5th Joint triennial congress of the European and Americas Committees
for Treatment and Research in Multiple Sclerosis
Amsterdam, The Netherlands

19.10.2011 - 22.10.2011
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Home - 21.10.2011 - CCSVI


CCSVI

Friday, October 21, 2011, 17:30 - 17:45

Anatomical and histological analysis of venous structures associated with chronic cerebro-spinal venous insufficiency

C. Diaconu, S. Staugaitis, J. McBride, C. Schwanger, A. Rae-Grant, R. Fox (Cleveland, US)

Background: Chronic cerebro-spinal venous insufficiency (CCSVI) is a new theory for MS pathogenesis. CCSVI includes alterations in cerebral venous outflow and is often assessed by ultrasound or magnetic resonance venography (MRV). No gross anatomical description of venous outflow in MS has been reported to date.
Methods: We harvested bilateral internal jugular (IJV), subclavian, brachiocephalic, and azygous (AZY) veins from 7 deceased MS patients and 6 non-MS controls. Veins were injected with silicone, dissected en bloc, incised longitudinally to expose the luminal surface, and fixed. All valves and structural abnormalities were characterized and photographed using a stereomicroscope. Vein wall stenosis was defined as a >= 50% reduction in cross-sectional area, defined from vein wall circumference and compared to a normal appearing region in the same vein.
Results: A variety of vein abnormalities were identified. The incidence of vein wall stenoses was similar in MS and controls: eight stenoses in 4 of 7 MS patients and five in 3 of 6 controls. Marked valvular and other intraluminal abnormalities with potential hemodynamic consequences were identified in 5 of 7 MS patients (7 abnormalities) and in 1 of 6 controls (1 abnormality). These abnormalities included circumferential membranous structures (1 MS and 1 control), longitudinally-oriented membranous structures (3 MS), single valve flap replacing IJV valve (2 MS), and enlarged and malpositioned valve leaflets (1 MS). In addition, minor anatomic variations without expected hemodynamic consequences were observed similarly in both MS and controls. These included valves with >2 leaflets, the presence of valves in the AZY, additional (duplicate) normal-appearing IJV valves, and small membranous septa.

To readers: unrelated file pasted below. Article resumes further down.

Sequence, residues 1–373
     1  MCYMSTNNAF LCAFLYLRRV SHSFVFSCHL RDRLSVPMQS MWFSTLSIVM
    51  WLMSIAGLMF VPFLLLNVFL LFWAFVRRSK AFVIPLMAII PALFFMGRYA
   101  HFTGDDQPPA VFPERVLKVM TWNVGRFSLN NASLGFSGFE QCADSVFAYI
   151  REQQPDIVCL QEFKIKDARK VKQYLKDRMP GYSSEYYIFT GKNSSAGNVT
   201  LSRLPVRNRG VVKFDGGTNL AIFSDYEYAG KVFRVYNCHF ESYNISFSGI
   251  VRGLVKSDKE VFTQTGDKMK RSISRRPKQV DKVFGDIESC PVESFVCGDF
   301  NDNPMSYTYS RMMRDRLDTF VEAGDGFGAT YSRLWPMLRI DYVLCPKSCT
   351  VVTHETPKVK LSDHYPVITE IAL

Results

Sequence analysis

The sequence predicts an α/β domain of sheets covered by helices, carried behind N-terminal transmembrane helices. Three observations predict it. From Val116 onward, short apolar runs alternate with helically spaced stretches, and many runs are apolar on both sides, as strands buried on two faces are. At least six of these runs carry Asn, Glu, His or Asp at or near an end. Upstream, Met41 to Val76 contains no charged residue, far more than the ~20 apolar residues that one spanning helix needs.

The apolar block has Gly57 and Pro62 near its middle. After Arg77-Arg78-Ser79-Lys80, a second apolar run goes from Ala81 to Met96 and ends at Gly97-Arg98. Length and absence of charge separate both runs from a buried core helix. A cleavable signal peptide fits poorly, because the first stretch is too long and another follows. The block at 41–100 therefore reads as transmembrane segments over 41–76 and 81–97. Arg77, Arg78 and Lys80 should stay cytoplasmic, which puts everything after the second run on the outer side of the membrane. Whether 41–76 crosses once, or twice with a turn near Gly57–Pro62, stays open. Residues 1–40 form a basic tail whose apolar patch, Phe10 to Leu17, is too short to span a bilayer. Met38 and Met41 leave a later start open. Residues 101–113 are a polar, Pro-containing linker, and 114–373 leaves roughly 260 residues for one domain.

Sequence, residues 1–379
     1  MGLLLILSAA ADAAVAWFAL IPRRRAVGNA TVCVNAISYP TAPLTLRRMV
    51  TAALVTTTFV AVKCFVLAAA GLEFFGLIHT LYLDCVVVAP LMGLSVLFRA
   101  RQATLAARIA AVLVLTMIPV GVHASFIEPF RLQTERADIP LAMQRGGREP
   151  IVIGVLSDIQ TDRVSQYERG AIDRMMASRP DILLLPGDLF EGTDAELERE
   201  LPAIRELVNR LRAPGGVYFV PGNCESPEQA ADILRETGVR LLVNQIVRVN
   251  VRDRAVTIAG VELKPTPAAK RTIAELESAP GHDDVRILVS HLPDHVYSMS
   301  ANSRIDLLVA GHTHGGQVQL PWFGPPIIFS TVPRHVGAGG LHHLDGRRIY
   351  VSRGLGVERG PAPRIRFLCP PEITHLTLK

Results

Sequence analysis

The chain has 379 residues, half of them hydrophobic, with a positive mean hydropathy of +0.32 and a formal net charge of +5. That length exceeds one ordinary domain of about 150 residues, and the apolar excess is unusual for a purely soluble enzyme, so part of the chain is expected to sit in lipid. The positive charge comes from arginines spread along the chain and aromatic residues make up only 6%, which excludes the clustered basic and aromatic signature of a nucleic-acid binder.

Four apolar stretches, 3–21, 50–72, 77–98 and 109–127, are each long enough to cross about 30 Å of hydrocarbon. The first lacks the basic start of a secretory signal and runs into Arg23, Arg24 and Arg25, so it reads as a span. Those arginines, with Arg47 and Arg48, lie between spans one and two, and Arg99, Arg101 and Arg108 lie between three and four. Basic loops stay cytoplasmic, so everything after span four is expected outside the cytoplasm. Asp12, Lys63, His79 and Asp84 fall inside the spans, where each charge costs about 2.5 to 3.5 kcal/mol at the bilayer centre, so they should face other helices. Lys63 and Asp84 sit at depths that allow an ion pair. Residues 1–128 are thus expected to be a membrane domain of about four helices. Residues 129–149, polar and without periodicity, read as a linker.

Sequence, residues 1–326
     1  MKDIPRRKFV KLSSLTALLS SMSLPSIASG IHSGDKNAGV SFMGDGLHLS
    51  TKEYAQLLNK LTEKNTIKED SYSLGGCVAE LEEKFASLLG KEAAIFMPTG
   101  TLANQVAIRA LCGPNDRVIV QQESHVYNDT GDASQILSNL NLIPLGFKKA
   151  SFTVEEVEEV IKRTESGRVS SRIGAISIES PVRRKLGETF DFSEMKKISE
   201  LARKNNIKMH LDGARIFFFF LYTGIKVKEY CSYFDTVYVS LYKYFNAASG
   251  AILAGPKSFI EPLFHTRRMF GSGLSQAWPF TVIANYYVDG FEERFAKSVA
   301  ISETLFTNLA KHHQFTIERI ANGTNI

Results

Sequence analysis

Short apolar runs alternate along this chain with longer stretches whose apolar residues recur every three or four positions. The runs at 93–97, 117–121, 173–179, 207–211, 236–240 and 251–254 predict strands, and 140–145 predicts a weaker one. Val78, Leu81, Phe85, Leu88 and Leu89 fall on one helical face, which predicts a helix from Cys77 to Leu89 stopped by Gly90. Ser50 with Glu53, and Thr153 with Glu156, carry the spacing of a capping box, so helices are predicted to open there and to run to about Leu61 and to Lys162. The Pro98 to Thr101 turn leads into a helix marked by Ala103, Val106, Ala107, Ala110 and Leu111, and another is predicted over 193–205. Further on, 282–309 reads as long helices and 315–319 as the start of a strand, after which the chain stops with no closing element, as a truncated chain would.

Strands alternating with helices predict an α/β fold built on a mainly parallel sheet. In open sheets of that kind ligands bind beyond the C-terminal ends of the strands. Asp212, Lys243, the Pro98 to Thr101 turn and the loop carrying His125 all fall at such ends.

Conclusion: Post mortem examination of the IJV and AZY veins of MS patients and non-MS controls demonstrated a variety of structural abnormalities and anatomic variations. Vein wall stenosis occurred at similar frequency in MS and non-MS controls. However, the frequency of intraluminal abnormalities with possible hemodynamic consequences was higher in MS patients compared to healthy controls, although the current sample size is limited. These results suggest that MRV (which predominantly evaluates vein wall stenoses) may be less effective than ultrasound in identifying venous abnormalities in CCSVI. In addition, examining only wall circumference in CCSVI ultrasound studies may miss some intraluminal abnormalities.

Claudiu Diaconu has nothing to disclose. Susan Staugaitis, MD,PhD, has nothing to disclose. Jennifer McBride, PhD, has nothing to disclose. Cynthia Schwanger has nothing to disclose. Alexander Rae-Grant, MD, presented a lecture for Teva Neuroscience and Biogen Idec with personal compensation. Robert Fox, MD, has received personal consulting or speaking fees from Biogen Idec, Genentech, Novartis, and Teva Neuroscience, and has served on clinical trial advisory committees for Biogen Idec. The current project is supported by the National MS Society (RC 1004-A-5).